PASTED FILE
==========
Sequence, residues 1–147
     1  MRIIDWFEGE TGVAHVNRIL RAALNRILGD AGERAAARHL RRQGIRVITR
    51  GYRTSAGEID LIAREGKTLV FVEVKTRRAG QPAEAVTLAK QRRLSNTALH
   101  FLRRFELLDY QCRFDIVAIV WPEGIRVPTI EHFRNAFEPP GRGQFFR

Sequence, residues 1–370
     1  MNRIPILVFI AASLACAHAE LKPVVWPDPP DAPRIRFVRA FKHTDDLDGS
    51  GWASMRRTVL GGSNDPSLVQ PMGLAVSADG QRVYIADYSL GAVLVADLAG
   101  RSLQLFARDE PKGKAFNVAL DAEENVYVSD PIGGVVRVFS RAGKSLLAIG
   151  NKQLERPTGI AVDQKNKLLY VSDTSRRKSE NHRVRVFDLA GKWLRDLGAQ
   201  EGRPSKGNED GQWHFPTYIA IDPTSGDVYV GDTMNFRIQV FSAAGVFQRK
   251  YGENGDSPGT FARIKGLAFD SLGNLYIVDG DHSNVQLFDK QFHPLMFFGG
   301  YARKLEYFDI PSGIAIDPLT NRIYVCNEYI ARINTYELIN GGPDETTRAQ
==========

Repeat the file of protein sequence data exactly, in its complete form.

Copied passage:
Sequence, residues 1–147
     1  MRIIDWFEGE TGVAHVNRIL RAALNRILGD AGERAAARHL RRQGIRVITR
    51  GYRTSAGEID LIAREGKTLV FVEVKTRRAG QPAEAVTLAK QRRLSNTALH
   101  FLRRFELLDY QCRFDIVAIV WPEGIRVPTI EHFRNAFEPP GRGQFFR

Sequence, residues 1–370
     1  MNRIPILVFI AASLACAHAE LKPVVWPDPP DAPRIRFVRA FKHTDDLDGS
    51  GWASMRRTVL GGSNDPSLVQ PMGLAVSADG QRVYIADYSL GAVLVADLAG
   101  RSLQLFARDE PKGKAFNVAL DAEENVYVSD PIGGVVRVFS RAGKSLLAIG
   151  NKQLERPTGI AVDQKNKLLY VSDTSRRKSE NHRVRVFDLA GKWLRDLGAQ
   201  EGRPSKGNED GQWHFPTYIA IDPTSGDVYV GDTMNFRIQV FSAAGVFQRK
   251  YGENGDSPGT FARIKGLAFD SLGNLYIVDG DHSNVQLFDK QFHPLMFFGG
   301  YARKLEYFDI PSGIAIDPLT NRIYVCNEYI ARINTYELIN GGPDETTRAQ